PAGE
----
Isaiah Schwartz was doing well in his intensive support program at Toronto’s Nelson Mandela Park Public School and with his ABA therapy at Surrey Place.

His mom, Charlotte, says despite the fact that the nine-year-old has very limited verbal skills and is at the level, developmentally, of about a 2 1/2-year-old, the stringently predictable schedule he’s kept on throughout the year has helped him acquire skills and has kept from exhibiting some of the typical behaviours that come with his disabilities.

Isaiah suffers from galactosemia, a rare disease that can cause brain damage at birth and impact fine-motor and gross-motor skills. He has global developmental delay and autism disorder.

Because of his disease, his mom says he’s also on a very restricted diet.

She adds that he’s the “neediest” of all four of the children in her blended family — which includes a 16-month-old daughter.

“He cannot be left alone … he needs constant one-on-one care,” Charlotte said Tuesday, noting that’s what he essentially gets in his Toronto District School Board classroom.

Charlotte says because her son takes “considerable time to acquire skills” they were thrilled that he was able to achieve proper toileting without the need for support — a “huge goal” for him.

That was until COVID-19 hit.

Toileting, says the senior family law clerk, was one of the “first things to go out the window” when classes were shut down and Surrey Place shuttered on March 13 as the entire country went into social isolation.

As soon as the structure he so desperately requires disappeared, Isaiah started reverting back to doing things he was doing five years ago, his mom said.

His behaviour has also changed a lot, she says, noting he’s very anxious and has gone back to what is called stimming — actions typical of autism such as making high-pitched noises, grinding his teeth and kicking.

Charlotte says she took him to her office one day for a brief period and a normally quiet kid “tore the office apart.”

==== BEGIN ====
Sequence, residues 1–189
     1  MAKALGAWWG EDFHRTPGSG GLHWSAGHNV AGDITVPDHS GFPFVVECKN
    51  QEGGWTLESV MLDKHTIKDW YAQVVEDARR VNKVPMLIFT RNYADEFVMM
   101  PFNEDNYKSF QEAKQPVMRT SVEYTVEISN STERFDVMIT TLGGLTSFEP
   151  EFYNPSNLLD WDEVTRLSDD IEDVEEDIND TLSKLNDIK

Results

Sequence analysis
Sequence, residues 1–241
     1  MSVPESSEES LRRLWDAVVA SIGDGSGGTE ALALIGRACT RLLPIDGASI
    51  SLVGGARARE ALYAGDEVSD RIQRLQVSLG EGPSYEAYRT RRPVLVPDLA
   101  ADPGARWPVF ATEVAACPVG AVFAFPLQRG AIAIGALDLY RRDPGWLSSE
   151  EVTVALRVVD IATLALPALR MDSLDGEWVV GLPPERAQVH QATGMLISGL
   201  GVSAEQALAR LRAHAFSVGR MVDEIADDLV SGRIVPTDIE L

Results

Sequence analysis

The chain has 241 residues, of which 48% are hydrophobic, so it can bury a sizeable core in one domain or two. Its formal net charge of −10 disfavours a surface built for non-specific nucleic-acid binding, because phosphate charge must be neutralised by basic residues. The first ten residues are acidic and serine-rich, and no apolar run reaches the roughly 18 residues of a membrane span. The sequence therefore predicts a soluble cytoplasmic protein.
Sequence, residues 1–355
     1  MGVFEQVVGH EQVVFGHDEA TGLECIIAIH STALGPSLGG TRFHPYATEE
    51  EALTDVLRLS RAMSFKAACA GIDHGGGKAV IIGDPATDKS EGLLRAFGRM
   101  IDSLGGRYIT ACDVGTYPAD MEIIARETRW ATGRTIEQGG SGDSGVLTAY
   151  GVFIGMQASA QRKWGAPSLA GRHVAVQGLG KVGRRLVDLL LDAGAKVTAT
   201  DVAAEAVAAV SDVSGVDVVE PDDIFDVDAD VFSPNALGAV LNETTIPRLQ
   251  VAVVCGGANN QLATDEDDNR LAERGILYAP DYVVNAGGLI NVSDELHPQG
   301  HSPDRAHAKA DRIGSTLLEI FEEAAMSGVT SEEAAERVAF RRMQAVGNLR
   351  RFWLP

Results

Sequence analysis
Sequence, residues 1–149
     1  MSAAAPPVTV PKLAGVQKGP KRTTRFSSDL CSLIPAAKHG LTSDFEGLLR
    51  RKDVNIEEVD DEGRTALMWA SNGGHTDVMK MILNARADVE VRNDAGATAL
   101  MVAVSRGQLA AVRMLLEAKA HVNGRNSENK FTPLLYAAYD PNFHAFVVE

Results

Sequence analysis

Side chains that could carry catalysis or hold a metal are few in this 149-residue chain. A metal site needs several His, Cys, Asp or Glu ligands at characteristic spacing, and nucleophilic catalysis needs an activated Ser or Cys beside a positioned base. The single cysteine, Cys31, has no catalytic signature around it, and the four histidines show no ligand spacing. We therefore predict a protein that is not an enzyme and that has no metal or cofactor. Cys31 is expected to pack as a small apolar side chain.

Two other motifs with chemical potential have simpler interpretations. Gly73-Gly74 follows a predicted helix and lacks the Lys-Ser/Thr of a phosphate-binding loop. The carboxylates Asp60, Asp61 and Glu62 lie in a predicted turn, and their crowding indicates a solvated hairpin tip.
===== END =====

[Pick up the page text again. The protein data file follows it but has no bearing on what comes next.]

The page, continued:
He asks everyday whether he’s going to school and feels like he’s “being punished” for not being able to go.

She said his teacher has tried her “absolute hardest” to keep up his studies online using Google Chat, but it’s “not working” because someone with the cognitive ability of a two-year-old really can’t manage in front of a screen for 30 minutes.

“I was shocked that it happened (he regressed) so quickly,” Charlotte said. “It feels like such a massive blow.”

Charlotte felt so devastated with the way he’s regressed, she took to Facebook a few days ago to express her dismay Her posting was brought to my attention by a mutual contact.

“Just like that, regression is our reality now, as much as I have tried to stave it off … Isaiah is the most inspiring person I know … he works the hardest. He always tried his best,” she wrote.

“These six weeks away from school have brought him to his knees … it’s the intensity of the struggle that has me up at 3 a.m. watching old videos of him just being himself and hoping we don’t lose that version of him.”

Charlotte said there are many other kids like him “not doing well” during this pandemic and she wonders why therapy can’t be deemed an “essential service.”

Charlotte feels time is of the essence; otherwise Isaiah will be a “casualty” of the COVID-19 pandemic.

“When Isaiah has a bad day, it reverberates through the whole house,” she said. “There is no guarantee he will get back the skills he had.”

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